Opening and closing a speech is the hardest thing to do.

Because people remember you based on first and last impressions, what you say in the first and last twenty seconds will ‘make’ or ‘break’ your reputation as a speaker. If you get the last bit right, what you say at the end will most probably linger on long after your speech is over. Words produce an after-taste. So learn to end your speech powerfully.

Here, I want to demonstrate the importance of using good source materials to close your speech. You can close your speech with visions (e.g. “I have a dream” by Martin Luther King), stories, memories, quotable quotes, or poems.

Very few speakers I know actually use poems, which is why not many speakers, in my opinion, are ‘elegant’ in their speeches. This explains why Les Brown stands many heads above all the known speakers today. In my opinion, even Tony Robbins pales in comparison when it comes to elegance and class.

The beautiful thing about poems is its cadence, rhythm and rhyme. When we are children, we recited nursery rhymes – and had fun doing so.

One two, buckle my shoe.
Three, four, open the door.
Five, six, pick up sticks. […]Jack and Jill went up the hill to fetch a pail of water
Jack fell down, and broke his crown
And Jill came tumbling after.

But when we become older, we tend to chuck this aside, dimiss these as ‘childish’, and go for ‘more’ factual, non-fictional adult prose (which is a mistake!). You see, poems connect on a deeper level. It does not connect just on the cognitive level, but on a very human, soul-to-soul level.

If you think about it, lovers often write poems to each other – because poetry is known to reveal secrets of the heart. And if you want to engage your audiences and win them over, you need to speak from your heart. And poetry is the best method for it.

Poems are meant to be said aloud, and if performed with the right pauses and emotions, they generate sensual images and imprint them in the minds of listeners. In this particular example, Les Brown, one of the most influential motivational speakers of our time, spoke to a stadium of people many decades ago. I cannot verify what event and year this was spoken, but as he ended his speech, he spoke this poem (with a few misses and additions here and there).

To listen to Les Brown’s audio recording, click here.

The Will To Win

If you want a thing bad enough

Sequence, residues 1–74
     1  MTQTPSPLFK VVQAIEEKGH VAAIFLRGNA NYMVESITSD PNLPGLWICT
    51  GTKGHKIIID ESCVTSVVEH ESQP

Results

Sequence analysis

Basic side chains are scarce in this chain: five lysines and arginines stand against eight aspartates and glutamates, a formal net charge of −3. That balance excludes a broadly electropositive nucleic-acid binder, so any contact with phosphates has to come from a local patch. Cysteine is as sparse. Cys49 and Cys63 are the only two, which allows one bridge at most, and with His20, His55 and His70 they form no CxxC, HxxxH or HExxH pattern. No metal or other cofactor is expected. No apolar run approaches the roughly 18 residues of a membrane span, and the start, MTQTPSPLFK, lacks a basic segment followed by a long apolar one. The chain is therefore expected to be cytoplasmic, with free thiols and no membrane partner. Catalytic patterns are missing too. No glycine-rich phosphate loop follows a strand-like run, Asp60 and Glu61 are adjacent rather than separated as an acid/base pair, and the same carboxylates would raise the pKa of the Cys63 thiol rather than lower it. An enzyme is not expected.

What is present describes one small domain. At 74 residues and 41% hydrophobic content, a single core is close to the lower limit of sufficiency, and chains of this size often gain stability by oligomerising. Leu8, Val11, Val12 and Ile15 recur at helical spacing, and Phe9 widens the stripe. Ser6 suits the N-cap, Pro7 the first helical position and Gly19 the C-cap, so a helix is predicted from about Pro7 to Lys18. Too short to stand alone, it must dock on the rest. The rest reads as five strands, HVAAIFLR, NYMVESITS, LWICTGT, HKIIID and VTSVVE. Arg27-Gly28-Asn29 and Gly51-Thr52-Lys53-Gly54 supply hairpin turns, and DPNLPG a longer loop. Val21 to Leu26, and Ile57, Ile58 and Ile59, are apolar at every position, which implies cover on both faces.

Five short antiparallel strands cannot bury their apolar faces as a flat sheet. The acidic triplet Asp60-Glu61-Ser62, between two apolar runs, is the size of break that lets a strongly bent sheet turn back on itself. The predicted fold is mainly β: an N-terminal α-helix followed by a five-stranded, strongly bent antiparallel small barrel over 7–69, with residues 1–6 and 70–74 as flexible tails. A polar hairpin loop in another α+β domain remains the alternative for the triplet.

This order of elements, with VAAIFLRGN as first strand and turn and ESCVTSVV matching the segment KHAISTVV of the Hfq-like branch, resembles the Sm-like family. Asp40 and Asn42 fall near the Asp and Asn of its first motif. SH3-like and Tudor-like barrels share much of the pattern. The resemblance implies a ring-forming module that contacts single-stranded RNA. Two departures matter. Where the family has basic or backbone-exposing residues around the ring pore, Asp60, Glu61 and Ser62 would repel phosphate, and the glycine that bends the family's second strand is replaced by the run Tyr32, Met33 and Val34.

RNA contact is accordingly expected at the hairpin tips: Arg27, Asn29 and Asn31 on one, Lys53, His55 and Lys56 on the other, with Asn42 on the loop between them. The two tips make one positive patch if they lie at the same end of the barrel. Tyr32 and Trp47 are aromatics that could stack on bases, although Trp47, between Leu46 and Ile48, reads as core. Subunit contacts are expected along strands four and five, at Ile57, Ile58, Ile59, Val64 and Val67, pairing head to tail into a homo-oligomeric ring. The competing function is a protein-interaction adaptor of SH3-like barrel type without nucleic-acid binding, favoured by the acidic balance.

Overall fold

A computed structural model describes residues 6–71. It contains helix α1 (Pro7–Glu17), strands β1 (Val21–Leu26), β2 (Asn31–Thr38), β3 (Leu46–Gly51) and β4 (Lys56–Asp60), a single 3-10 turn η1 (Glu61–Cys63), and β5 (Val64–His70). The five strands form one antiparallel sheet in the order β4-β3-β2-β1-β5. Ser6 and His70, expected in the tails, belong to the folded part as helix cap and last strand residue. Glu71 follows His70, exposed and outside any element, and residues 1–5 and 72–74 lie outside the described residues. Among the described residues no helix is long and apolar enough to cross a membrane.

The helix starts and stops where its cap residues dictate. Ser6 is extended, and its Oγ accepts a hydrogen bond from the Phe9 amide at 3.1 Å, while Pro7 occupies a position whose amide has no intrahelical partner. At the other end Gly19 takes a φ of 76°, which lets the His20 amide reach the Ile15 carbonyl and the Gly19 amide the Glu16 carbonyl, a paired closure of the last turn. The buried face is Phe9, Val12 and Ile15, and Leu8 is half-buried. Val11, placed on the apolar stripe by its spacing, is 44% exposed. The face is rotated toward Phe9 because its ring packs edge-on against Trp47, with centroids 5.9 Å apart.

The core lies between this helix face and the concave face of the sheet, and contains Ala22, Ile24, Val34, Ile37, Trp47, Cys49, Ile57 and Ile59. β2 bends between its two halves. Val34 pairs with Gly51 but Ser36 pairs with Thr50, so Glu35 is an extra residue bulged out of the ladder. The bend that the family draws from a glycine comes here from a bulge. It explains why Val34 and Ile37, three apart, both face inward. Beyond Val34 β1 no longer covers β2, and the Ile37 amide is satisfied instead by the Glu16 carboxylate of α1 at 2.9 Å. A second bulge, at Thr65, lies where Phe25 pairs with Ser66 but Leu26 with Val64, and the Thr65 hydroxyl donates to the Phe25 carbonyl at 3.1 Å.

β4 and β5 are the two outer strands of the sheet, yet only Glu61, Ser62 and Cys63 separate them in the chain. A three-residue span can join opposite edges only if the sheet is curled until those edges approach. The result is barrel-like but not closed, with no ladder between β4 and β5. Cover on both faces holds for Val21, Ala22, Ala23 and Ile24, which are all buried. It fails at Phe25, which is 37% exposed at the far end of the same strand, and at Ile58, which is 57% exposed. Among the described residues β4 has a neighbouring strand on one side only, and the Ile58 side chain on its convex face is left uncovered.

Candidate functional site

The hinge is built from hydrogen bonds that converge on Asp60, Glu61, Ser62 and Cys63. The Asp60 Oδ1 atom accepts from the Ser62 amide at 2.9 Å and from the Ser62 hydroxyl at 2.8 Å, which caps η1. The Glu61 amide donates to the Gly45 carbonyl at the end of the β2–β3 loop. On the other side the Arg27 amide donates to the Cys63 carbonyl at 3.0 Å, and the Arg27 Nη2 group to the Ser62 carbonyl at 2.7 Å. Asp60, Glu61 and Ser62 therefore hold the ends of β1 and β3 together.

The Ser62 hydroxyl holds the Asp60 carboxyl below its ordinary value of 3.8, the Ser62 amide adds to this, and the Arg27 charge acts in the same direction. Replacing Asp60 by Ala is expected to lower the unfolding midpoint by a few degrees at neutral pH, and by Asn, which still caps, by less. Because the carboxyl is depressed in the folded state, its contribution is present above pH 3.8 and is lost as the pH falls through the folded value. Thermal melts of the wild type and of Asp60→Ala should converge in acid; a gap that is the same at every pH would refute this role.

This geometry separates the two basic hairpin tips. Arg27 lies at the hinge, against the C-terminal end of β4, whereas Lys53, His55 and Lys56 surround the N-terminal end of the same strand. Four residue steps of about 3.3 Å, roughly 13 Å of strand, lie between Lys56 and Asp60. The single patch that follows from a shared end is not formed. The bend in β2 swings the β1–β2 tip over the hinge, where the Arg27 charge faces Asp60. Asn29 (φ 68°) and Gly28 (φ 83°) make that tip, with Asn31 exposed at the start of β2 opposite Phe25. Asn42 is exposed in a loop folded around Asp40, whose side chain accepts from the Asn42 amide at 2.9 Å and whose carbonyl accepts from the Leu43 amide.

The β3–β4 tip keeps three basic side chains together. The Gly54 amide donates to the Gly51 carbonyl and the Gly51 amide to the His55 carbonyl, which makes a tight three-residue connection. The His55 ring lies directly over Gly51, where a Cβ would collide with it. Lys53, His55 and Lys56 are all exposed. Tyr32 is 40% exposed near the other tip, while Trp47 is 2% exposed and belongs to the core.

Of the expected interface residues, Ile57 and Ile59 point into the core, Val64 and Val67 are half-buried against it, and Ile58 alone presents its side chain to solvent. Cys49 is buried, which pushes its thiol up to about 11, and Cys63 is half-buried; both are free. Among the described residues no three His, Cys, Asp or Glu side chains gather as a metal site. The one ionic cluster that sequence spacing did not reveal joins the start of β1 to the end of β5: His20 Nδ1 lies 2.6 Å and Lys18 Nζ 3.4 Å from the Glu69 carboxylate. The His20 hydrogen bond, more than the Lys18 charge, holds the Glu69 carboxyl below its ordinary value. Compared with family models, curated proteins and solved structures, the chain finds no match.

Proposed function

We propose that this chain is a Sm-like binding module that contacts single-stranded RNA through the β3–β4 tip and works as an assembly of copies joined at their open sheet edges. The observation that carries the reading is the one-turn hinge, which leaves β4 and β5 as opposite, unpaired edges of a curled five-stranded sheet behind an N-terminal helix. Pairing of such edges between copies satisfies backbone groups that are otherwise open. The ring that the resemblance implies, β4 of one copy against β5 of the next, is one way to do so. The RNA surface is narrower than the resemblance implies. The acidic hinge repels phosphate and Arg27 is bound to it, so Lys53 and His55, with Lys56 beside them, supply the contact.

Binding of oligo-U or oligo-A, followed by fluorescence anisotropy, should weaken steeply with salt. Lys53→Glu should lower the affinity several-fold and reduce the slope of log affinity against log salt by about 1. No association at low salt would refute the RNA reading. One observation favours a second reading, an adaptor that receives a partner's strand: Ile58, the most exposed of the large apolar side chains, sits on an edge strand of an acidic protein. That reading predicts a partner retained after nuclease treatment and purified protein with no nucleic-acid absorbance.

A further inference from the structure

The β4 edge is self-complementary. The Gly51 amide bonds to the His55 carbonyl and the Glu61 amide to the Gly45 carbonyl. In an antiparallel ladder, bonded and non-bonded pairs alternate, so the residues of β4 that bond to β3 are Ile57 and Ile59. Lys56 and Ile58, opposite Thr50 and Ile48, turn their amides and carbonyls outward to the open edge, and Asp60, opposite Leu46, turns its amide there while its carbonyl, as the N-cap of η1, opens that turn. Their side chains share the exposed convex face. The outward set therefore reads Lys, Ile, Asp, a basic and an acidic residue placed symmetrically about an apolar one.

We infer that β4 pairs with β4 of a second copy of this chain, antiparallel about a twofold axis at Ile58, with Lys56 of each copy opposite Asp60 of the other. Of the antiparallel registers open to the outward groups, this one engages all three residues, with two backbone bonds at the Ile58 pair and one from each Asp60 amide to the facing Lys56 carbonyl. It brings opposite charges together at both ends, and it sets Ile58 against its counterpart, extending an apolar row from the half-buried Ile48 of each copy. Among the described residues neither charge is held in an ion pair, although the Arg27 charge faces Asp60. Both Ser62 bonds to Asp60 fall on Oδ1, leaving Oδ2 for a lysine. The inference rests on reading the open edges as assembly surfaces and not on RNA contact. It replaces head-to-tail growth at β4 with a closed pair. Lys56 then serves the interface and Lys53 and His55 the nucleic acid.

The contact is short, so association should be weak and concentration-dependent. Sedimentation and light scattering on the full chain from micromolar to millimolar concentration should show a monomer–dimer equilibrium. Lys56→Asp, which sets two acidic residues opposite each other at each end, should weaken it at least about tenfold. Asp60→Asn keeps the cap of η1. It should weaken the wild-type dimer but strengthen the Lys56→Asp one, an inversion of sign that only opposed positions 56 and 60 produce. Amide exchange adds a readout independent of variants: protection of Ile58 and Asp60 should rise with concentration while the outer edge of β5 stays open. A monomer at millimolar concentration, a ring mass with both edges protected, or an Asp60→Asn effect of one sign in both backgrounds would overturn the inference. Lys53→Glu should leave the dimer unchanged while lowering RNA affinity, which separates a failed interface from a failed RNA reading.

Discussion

To go out and fight for it,
Work day and night for it,
Give up your time and your peace and
Your sleep for it

If only desire of it
Makes you quite mad enough
Never to tire of it,
Makes you hold all other things tawdry
And cheap for it

If life seems all empty and useless without it
And all that you scheme and you dream is about it,

If gladly you’ll sweat for it,
Fret for it, Plan for it,
Lose all your terror of God or man for it,

If you’ll simply go after that thing that you want.
With all your capacity,
Strength and sagacity,
Faith, hope and confidence, stern pertinacity,

If neither cold, poverty, famished and gaunt,
Nor sickness nor pain
Of body or brain
Can turn you away from the thing that you want,

If dogged and grim you besiege and beset it,
You’ll get it.

~ Berton Braley

Here are my tips on choosing the right poem:

1. Choose one with themes that you like. In the above example, it is about perseverance and a dogged determination to go after your dreams. What you like is very subjective. You might like it because it generates a feeling of happiness, or maybe a pensive and reflective one. Whatever it is, you must like it – because it often encapsulates everything that you have said in your speech.

2. Find one that you can easily memorise. Speak aloud repetitively until you don’t have to look at the poem any longer. Try it out in front of the mirror, in the car, or talk to your dog or cat. Learn it by heart first. Once the words are correct in its order, you can then go to the next step, which is to feel.

3. Poems often conjure up feelings. So in order to feel the tone of the poem, try to vary the pauses, find where the words might rhyme. By the way, not all poems rhyme. You should read it with ease and flow. What happens if you pause on a word for two breaths? What effect would it have? Try new ways of reading it with feeling. Can you read it with anger? With joy? With grief? When you know when to pick up speed or slow down, you would have made that poem your own interpretation.

4. Lastly, poems tend to have open readings, especially in a Literature class. But in a speech, you want to inspire your audiences in a certain way towards a more definite, closed interpretation. This is because you have the responsibility to show ‘the way’. Even if ‘the way’ is to open up new possibilities, you should be able to use that poem to inspire new thoughts and make new behavioural changes in your listeners.

Till the next post, here’s my closing from a Greek philosopher, Plato:

“Every heart sings a song, incomplete, until another heart whispers back.
Those who wish to sing always find a song.
At the touch of a lover, everyone becomes a poet.”

© 2010 | EDMUND CHOW

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